Ah my good friend Ca2+! Not a consultation goes by without your mention…and deservedly so as it is the most abundant mineral in the body. Its importance is critical for maintaining healthy bones and teeth, nonetheless for well-functioning cardio, nervous and muscular systems. But are we really getting the full truth on how to avoid calcium deficiency?
How much calcium do we need?
Let’s do a funny exercise, look at the different countries’ health authorities recommendations of daily recommended intake of calcium. Are you confused yet? Indeed! Most countries have different daily requirements. The truth is there is no law or scientific calculation for how much calcium one requires.
Why? What health authorities fail to tell us is that when it comes to calcium it is not so much how much calcium containing foods you eat but how much calcium you absorb and retain. What is unknown to many is that there are many foods and drinks that are guilty of depleting one’s calcium reserve. Knowing these is just as important as knowing which foods are rich in calcium.
Foods that deplete one’s calcium reserve are foods that make your body acidic (see list below). Not acidic foods such as lemon but foods that disturb your body’s pH level. When your body is given acid-producing foods, in order to stay at a healthy pH it needs to secret a buffer to alkalinize the body, this base is calcium. Eating acid-producing foods reaps calcium from your bones and teeth.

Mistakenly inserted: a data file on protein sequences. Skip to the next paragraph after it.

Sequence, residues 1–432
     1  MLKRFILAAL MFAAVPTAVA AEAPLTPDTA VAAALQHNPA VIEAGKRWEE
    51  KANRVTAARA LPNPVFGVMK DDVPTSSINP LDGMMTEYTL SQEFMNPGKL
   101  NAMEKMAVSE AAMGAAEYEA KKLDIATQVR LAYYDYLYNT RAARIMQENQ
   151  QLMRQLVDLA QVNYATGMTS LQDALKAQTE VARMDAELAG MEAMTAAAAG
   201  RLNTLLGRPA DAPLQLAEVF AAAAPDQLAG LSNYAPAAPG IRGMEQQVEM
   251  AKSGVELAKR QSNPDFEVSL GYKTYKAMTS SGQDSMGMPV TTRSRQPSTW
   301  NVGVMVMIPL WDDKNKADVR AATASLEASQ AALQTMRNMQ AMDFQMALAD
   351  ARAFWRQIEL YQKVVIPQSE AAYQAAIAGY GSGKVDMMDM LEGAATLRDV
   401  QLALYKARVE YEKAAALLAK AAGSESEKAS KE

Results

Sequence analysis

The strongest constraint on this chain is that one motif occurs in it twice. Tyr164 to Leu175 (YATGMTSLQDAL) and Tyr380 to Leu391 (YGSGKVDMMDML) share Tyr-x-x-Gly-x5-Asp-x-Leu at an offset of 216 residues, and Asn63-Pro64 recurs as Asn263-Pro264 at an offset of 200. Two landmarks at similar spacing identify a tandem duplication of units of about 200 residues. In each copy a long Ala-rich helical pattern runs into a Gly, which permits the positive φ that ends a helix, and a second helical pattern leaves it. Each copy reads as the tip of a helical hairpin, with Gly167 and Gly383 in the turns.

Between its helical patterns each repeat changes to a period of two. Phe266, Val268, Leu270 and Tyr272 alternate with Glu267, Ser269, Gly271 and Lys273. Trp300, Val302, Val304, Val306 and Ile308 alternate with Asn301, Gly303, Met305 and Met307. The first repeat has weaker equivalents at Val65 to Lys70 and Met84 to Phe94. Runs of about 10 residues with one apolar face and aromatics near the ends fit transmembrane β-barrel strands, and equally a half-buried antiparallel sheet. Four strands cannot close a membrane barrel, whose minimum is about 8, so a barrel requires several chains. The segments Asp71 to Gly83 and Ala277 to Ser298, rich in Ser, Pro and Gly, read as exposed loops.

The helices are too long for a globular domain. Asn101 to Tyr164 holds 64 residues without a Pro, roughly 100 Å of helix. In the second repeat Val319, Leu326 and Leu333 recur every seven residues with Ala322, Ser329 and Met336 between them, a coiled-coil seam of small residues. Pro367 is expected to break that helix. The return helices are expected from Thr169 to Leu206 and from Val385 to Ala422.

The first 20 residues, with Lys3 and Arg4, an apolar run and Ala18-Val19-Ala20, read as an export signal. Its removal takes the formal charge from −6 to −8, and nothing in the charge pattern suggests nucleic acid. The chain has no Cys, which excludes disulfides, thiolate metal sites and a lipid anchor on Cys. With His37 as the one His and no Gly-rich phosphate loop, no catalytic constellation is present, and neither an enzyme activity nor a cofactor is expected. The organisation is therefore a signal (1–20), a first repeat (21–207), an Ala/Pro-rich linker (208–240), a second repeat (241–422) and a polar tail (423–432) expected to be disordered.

Main categories of acid-producing foods :
- Refined & processed foods
So if you avoid or eat these acid-producing foods in moderation all you need to do is consume vegetal sources of calcium and you are sure to provide your body with sufficient amounts of calcium. In fact, the vegan diet is associated with very low levels of osteoporosis as it is free of acidifying animal protein and rich in alkaline foods (such as vegetables).
Plant based foods rich in calcium:
- Greens (chard, broccoli, parsley, watercress, green beans ),
- Cabbages (bok choy, kale, …)
- Fish with bones (sardines, small fish, canned salmon),
- Almonds, sesame seeds, tahini, hazelnut
- Beans (tofu, soy, white beans),
- Certain fruits (orange, rhubarbe, figues)
- Blackstrap molasses
Other factors helping calcium absorption
It is also important to note that to enhance calcium absorption, adequate vitamin D intake is required. This means exposure to direct sun light from 11 AM to 2 PM at least three times per week and depending on where you are in the world (i.e. Canada) D3 supplements for the winter months (November to April).
Regular exercise is also crucial to assure proper bone strength.
Magnesium is essential for the proper absorption and metabolism of calcium and vitamin D. Beans, seeds and nuts are all good sources of magnesium.
Does this challenge your pre-conceived notions about dairy? Here’s some food for thought, the Harvard School of Public Health maintains that ‘Calcium is important. But milk isn’t the only, or even best, source.‘